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Did an Unseasonably Warm Winter Cause Spring Home Prices to Escalate?

Did an Unseasonably Warm Winter Cause Spring Home Prices to Escalate?

We experienced an unseasonably warm winter, at the same time housing prices pushed higher, according to Clear Capital’s recently released Home Data Index (HDI) report, showing national quarterly home price growth at 0.9 percent.

The Spring market boom started early this year and stronger than usual. Spring home prices are up in almost every major housing market throughout the U.S. Regionally here in the Phoenix Valley buyers are scrambling, as inventory is stagnant and homes in the first-time-buyer range are flying off the shelf.

Regional quarterly price growth, per the report, was mixed: 0.7 percent in the Northeast, an increase; 0.8 percent in the Midwest, a decrease; and 1.0 percent in the South and West, unchanged. Home prices in 16 of the top 50 largest metropolitan areas—which contain one-third of the nation’s housing stock—have moved past bubble-era peaks. The result, according to Clear Capital Vice President of Research and Analytics Alex Villacorta, is a majority-shift toward positive equity.

Short Sales are rare and the availability of bank-owned properties has been reduced to a trickle. Investors looking for a bargain are wisely making purchase offers sight-unseen, then using the contracted inspection period to asses needed updates and repairs. This is actually a shrewd strategy for any home buyer shopping in the 200’s and under price range as homes within the entire ‘affordable’ spectrum are nowadays the subject of multiple offers.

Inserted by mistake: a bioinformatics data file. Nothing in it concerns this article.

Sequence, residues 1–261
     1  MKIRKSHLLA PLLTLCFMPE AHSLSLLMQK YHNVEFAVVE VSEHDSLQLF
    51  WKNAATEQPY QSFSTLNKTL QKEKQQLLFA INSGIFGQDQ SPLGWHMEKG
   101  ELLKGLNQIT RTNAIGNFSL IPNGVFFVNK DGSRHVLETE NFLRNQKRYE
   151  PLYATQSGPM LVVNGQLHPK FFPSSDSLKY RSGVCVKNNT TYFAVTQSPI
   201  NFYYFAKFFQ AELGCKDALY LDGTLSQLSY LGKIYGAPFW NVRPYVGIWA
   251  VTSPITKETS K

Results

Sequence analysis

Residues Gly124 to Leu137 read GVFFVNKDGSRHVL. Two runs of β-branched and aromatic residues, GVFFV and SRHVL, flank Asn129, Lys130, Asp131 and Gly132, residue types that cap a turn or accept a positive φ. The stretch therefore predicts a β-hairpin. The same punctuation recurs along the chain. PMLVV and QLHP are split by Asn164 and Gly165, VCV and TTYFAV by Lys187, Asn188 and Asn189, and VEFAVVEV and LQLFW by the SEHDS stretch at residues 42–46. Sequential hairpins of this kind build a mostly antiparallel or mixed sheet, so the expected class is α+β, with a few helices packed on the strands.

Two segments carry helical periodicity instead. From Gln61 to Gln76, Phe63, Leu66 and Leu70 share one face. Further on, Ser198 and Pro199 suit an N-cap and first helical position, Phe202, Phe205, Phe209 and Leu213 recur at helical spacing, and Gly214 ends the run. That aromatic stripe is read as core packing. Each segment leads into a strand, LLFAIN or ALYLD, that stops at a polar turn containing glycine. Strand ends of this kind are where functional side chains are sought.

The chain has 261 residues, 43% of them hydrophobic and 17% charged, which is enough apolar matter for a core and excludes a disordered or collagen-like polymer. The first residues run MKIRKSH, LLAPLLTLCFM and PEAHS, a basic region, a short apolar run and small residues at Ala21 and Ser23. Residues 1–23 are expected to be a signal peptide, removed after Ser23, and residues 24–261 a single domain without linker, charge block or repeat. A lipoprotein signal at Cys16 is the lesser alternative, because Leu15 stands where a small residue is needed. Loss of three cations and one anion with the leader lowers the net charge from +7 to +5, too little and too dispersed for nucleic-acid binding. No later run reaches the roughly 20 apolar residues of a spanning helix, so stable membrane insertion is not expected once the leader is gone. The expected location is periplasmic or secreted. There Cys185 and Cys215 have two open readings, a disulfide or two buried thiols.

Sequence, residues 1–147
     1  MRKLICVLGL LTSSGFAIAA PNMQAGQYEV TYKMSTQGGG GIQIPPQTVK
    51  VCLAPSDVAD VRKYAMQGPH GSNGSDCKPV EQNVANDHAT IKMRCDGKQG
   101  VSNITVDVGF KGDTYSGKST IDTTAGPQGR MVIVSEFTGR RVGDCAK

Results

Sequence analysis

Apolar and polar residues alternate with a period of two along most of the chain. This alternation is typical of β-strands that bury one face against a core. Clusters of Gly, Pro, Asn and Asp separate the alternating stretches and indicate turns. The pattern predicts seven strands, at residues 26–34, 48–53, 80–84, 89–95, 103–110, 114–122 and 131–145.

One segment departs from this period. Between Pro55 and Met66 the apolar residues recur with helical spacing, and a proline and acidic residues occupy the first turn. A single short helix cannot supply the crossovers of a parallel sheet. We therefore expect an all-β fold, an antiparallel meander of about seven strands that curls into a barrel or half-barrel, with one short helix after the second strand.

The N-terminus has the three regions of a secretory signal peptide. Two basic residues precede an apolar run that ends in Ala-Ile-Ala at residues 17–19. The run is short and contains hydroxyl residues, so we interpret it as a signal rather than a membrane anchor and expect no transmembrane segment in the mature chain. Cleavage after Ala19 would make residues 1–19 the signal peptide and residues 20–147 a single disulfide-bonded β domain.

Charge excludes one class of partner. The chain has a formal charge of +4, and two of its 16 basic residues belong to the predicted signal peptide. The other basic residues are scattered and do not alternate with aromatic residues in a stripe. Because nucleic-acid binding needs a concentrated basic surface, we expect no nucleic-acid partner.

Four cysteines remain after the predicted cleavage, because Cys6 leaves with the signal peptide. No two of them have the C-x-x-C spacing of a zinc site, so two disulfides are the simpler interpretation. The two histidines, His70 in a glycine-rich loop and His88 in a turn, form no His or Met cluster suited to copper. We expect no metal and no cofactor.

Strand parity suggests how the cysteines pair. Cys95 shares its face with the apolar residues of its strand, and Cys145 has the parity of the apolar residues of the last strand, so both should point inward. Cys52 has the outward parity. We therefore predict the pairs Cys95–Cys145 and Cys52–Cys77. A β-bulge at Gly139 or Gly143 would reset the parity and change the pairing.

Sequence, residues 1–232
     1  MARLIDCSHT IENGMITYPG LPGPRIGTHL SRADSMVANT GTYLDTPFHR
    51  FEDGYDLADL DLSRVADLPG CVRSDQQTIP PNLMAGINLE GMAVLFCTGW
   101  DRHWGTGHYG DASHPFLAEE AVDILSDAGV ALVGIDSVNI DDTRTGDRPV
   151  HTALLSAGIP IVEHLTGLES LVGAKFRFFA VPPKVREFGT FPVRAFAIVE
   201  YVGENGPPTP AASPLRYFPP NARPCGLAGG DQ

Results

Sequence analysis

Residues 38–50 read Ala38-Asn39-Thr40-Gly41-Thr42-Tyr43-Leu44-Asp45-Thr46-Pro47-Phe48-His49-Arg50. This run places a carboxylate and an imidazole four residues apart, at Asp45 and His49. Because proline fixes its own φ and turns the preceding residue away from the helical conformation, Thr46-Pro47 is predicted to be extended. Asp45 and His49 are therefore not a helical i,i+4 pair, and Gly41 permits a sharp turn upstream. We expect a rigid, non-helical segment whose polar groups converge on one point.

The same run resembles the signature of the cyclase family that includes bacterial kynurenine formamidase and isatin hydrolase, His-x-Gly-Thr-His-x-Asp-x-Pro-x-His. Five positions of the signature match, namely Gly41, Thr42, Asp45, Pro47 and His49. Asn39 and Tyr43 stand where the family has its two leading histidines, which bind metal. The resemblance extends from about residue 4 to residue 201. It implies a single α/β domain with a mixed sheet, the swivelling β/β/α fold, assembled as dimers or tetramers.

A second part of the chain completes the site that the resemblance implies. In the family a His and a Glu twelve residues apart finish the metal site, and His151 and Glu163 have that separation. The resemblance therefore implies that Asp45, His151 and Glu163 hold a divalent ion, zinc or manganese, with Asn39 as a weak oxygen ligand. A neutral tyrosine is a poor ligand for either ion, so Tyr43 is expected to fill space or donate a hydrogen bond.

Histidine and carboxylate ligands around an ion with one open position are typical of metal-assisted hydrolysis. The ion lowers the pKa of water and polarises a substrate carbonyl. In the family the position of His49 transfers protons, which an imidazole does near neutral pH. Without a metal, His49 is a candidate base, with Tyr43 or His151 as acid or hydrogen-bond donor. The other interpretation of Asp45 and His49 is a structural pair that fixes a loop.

“Following several rounds of healthy, peak-season summer growth, winter gains remained relatively healthy across much of the country,” says Villacorta. “As prices have continued to climb in the long term during the post-housing crash, the large portion of the housing market that has been frozen in negative equity has shrunk significantly—meaning that an increasingly large portion of previously underwater homeowners may now have the option of entering the market.”

The market in Portland, Ore., which saw the highest home price growth in the nation in 2016, continues to rank at the top of metropolitan areas measured in the report, growing 2 percent quarter-over-quarter. Another booming market, however—San Jose, Calif.—saw negative quarterly price growth, down 0.3 percent. Hartford, Conn., saw identical negative growth.

Forty percent of homeowners who bought a house during the bubble will regain equity by the end of this year, according to the report, provided prices mirror 2016 movement.

With the current Spring growth, the majority of homeowners in the Greater Phoenix Metro Region have recovered equity, and many have even gained equity over and above the height of the bubble. There does seem to be residual hesitation however, as home sellers are still tentative. My best advice if you are considering selling your home, is to contact your local Realtor for detailed market statistics and an analysis of your property so you have the facts and figures to make an informed decision. As a policy, I never charge for a comprehensive market analysis and there is, as always, no obligation, you would be free to list your home with whomever you choose.

For more information, Call or Text: 602-999-0952
eMail: golfarizona@cox.net Bill Salvatore / Arizona Elite Properties
Residential Sales, Marketing, and Property Management

Source: Clear Capital     Reprinted with permission from RISMedia. ©2017. All rights reserved.

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